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Wasted time and space - 10%

Pratl1971, January 24th, 2013

Every now and again I am left in a state of solemn wonderment as to what I had done so horribly bad that I was left to be so repetitiously tortured by a band's release that crosses my desk. This happens to be one of those moments where I consider jamming rusty, jagged ice picks in my ears to ease the pain of what I just heard and felt he driving need to listen to Ron Keels' country album for 48-hours straight.

Huntress is one of those bands that (somehow) gets a record deal with an attractive front-woman that can't sing but looks the part and assuages the easily-lulled, testosterone-fueled masses into a state of...hell, I don't even know what it is other than typical male sexual frustration. The music on Spell Eater is about as pedestrian, amateurish, lethargic, and downright awful as it gets.

Vocalist Jill Janus, simply put, sings quite badly. Her mid range and overall tone has a barely-hanging-on quality that sounds as if it's going to go south at any moment; to be honest, it's a chore to listen to her warble and meander her way through otherwise rudimentary and boring songs. In fact, my feelings actually border on embarrassment for her at this point. She is able to hold a note, but she does absolutely nothing with said notes; there are no variances or stylistic enhancements anywhere to be found. When she growls and tries to mimic Angela Gossow (of whom I'm not a huge fan to begin with) it's outright criminal and ridiculous. She sounds more like a small child trying to garner attention though her “meanie” voice than anything even close to 'metal' tonal anguish. To summarize, this album is made all the more laborious by having to listen to these cackling vocalizations vying so badly to pass as cutting edge singing. It is an epic failure in this regard, case closed.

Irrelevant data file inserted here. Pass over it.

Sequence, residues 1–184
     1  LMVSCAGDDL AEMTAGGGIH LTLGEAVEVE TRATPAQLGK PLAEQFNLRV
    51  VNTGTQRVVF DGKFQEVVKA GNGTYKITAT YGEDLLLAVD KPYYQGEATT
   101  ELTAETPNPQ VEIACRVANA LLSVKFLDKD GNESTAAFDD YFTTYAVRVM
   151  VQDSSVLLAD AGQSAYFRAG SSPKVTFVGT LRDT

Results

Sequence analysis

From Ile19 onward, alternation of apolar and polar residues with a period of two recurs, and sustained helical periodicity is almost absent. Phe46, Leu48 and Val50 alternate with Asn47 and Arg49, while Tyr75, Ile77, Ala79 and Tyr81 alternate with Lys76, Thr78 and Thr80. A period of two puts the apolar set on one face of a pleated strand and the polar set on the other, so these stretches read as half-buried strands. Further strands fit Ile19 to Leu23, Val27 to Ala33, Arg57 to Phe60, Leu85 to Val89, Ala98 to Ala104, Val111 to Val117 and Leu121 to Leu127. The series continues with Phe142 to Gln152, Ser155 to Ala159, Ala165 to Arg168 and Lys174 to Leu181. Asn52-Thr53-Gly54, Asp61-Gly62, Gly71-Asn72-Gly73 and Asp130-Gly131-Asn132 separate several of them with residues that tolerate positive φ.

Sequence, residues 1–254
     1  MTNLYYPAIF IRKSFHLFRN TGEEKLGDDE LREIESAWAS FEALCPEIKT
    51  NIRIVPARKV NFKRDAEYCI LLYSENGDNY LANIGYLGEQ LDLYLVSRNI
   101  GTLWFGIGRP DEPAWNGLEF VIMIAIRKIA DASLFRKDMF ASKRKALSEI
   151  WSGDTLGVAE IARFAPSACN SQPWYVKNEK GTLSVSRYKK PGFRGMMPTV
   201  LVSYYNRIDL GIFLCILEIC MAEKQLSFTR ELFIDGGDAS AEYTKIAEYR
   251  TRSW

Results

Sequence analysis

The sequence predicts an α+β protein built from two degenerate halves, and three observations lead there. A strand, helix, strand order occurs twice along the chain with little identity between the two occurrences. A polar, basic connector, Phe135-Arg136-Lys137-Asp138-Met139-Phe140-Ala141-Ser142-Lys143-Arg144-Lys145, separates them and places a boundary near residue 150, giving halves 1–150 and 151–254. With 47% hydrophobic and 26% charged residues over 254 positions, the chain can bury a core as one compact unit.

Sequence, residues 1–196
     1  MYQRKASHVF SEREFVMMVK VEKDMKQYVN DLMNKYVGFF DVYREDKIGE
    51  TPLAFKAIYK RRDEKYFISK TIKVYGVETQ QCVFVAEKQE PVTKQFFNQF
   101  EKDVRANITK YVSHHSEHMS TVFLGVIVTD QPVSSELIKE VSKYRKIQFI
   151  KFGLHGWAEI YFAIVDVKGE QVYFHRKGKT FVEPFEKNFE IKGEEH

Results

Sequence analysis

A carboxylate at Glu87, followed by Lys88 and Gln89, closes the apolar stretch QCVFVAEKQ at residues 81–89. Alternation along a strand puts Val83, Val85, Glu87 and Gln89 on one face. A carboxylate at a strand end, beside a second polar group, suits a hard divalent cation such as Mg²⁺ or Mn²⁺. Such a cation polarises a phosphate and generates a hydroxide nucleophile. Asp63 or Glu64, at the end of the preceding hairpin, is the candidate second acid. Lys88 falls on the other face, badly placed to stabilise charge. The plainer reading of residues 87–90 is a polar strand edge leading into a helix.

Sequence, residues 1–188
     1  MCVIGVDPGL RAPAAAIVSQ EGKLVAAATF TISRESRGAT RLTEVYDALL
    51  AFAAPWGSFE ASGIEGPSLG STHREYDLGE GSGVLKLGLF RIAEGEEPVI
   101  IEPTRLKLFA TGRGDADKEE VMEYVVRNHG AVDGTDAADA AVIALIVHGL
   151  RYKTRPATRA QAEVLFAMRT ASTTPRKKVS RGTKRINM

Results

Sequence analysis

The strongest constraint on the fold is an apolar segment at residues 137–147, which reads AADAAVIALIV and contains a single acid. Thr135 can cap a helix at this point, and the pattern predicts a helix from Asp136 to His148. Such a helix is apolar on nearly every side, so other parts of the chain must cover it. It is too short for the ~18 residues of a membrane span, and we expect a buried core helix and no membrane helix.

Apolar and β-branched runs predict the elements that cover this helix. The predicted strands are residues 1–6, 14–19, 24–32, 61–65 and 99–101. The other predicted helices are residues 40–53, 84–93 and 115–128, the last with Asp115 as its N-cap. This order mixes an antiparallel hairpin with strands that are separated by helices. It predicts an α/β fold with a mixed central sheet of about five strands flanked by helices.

As for the rest of Huntress, the music isn't terrible, but the lyrics are high-school level; in fact, in some spots the music pretty decent, but much like Ms. Janus' voice there are no real variations to set it apart from pretty much any other garage band or demo-only assemblage dwelling in the underbelly of the movement these days. What makes for otherwise unmotivated music is only exacerbated by those horrid vocals, but on its own the music is tolerable, but unexciting and as basic as it comes. While decently produced, it's hard to shake the feeling of 'dirty' from my torso as I listen to this album. I'm not taking anything away from the obvious talent the musicians in Huntress posses, but I will state that, in my humble opinion, it is nothing wholly interesting. If you don't mind your heavy metal being horribly underwhelming and bland, then you might enjoy what you're hearing here. I can't pick out any one track here that even remotely excites or interests me because 1) Janus' voice is like electric shocks going through my pelvic region up into my temples and 2) the band seems reticent to attempt any real effort at creating songs that actually take a chance on thinking outside the musical box. It's sad, really; potential wasted for the sake of having a female-fronted band to entice the male contingent and jump on the current trend that is already dated and essentially over. It's not working...or if it is it's momentary and your career will be short and unassuming.

To be even more honest, it almost seems as if this would be the perfect band to go on American Idol to represent what modern America today views as heavy metal music. Then the uninformed, opaque masses would feel very knowledgeable and edgy by supporting and liking one of “those” bands from the other side of the tracks. The sad thing for them is that this band represents those safety-conscious minions, but real metal fans would more than likely laugh out loud at this band carrying any sort of metal moniker with such a plastic and diminishing style.

A total loss of three-quarters of an hour I'll never get back.

(Originally written for